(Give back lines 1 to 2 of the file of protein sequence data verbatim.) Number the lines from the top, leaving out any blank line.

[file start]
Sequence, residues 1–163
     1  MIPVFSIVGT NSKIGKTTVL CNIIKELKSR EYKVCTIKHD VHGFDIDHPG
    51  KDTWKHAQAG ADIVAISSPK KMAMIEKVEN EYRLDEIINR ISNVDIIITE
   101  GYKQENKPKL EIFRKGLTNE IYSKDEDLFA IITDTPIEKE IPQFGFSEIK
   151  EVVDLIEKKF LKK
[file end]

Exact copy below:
Sequence, residues 1–163
     1  MIPVFSIVGT NSKIGKTTVL CNIIKELKSR EYKVCTIKHD VHGFDIDHPG